Recognize donors. There are a variety of ways you can recognize donors in your newsletters. You can publish an “honor roll,” you can do stories about donors, you can do stories about how your organization is fulfilling its mission and highlight a particular donor who has made a particular program possible. Just be sure that you do recognize your donors. And, be sure to think about diversity when telling donor stories so that your readers will find someone they can identify with; in other words, don’t just tell stories about your most wealthy donors. By the way, even your wealthy donors want to know that you are reaching out to everyone.
Include full contact information in all newsletters. Make it easy for readers to contact your organization. Include your organization’s mailing address, phone number, email address, and website address. Because people would rather reach-out to an actual person rather than a faceless institution, include a contact name as well.
Call readers to action. Ask your readers to do something. You might encourage readers to visit your website for more information, photos, a video, or a survey. You might ask readers to give money. You might invite readers to contact you for more information. Your newsletter is an opportunity for engagement. True communication is two-way. So, look for opportunities for readers to actually interact with you and your organization.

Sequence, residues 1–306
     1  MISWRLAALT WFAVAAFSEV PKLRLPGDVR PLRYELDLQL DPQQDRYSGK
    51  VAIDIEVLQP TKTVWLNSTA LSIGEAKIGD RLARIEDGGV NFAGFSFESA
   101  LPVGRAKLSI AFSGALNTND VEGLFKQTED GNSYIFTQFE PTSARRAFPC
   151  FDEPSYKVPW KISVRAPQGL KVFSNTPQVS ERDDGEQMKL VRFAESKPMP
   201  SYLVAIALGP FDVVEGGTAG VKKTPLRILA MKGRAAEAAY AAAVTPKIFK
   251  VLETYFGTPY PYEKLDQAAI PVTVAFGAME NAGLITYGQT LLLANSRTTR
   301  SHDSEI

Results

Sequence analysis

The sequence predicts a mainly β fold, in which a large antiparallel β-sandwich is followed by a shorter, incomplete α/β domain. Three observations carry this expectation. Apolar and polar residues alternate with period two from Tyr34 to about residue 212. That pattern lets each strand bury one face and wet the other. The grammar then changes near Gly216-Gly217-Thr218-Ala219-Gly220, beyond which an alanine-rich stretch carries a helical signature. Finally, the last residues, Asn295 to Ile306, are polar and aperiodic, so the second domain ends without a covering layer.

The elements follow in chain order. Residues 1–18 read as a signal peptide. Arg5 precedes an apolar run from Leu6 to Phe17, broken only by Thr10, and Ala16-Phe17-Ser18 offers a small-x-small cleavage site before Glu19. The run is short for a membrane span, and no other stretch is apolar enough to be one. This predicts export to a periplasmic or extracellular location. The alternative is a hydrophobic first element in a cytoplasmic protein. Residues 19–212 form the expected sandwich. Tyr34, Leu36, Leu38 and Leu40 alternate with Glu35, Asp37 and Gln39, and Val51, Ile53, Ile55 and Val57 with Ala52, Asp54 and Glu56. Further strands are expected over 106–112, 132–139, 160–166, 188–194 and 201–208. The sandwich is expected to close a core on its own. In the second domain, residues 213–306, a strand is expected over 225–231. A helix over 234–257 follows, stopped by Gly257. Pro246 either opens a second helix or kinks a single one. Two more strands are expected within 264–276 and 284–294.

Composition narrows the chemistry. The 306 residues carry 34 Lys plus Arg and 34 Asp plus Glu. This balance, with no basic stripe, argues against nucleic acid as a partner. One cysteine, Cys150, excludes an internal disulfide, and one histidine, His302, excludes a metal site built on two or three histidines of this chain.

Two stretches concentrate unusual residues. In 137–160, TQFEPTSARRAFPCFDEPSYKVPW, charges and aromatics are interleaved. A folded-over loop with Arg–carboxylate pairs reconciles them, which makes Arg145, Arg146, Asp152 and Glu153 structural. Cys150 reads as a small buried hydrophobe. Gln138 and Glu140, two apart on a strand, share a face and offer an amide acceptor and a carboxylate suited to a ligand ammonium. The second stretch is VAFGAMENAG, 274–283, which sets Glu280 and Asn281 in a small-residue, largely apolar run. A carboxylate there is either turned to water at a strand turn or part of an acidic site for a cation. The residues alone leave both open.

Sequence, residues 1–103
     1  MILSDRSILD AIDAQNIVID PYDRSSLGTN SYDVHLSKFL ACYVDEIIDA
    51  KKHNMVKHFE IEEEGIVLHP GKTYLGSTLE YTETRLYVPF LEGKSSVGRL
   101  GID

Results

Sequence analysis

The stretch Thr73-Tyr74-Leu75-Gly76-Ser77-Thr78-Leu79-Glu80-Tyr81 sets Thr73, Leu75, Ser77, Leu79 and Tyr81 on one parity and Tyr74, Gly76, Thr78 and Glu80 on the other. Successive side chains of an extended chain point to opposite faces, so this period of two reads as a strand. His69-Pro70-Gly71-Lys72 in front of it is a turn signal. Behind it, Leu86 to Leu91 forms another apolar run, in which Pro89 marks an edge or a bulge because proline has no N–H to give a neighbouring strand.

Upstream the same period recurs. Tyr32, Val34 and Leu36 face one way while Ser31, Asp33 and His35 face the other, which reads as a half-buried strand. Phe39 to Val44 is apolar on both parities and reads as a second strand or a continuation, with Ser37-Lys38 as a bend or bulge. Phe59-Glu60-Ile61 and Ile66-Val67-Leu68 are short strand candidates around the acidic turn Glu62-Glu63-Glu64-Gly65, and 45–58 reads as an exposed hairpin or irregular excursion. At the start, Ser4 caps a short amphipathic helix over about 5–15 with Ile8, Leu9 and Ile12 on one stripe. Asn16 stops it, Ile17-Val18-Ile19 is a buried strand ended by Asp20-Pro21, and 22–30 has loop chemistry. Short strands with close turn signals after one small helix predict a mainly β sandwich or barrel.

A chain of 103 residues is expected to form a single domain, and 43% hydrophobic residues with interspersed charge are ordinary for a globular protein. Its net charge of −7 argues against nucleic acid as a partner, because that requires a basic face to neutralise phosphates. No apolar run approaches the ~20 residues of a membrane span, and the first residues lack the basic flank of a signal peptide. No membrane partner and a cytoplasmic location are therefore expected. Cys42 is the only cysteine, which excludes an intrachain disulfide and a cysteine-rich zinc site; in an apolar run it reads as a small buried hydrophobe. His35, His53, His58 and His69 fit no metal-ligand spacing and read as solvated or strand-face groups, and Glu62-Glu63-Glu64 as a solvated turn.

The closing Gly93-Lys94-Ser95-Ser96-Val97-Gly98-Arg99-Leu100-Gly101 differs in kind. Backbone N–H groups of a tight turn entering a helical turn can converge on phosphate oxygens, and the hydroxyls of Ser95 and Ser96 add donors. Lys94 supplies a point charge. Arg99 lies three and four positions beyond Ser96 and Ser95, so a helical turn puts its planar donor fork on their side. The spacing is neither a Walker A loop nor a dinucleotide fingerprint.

Like I said at the beginning, many of the ideas I’ve presented are common-sense fundamentals. But, that doesn’t mean they’re all common practice, though I wish they were. I could provide other tips but, for now, I’d like to hear from you.
That’s what Michael Rosen Says… What do you say? What tips do you have for maximizing the success of your newsletters?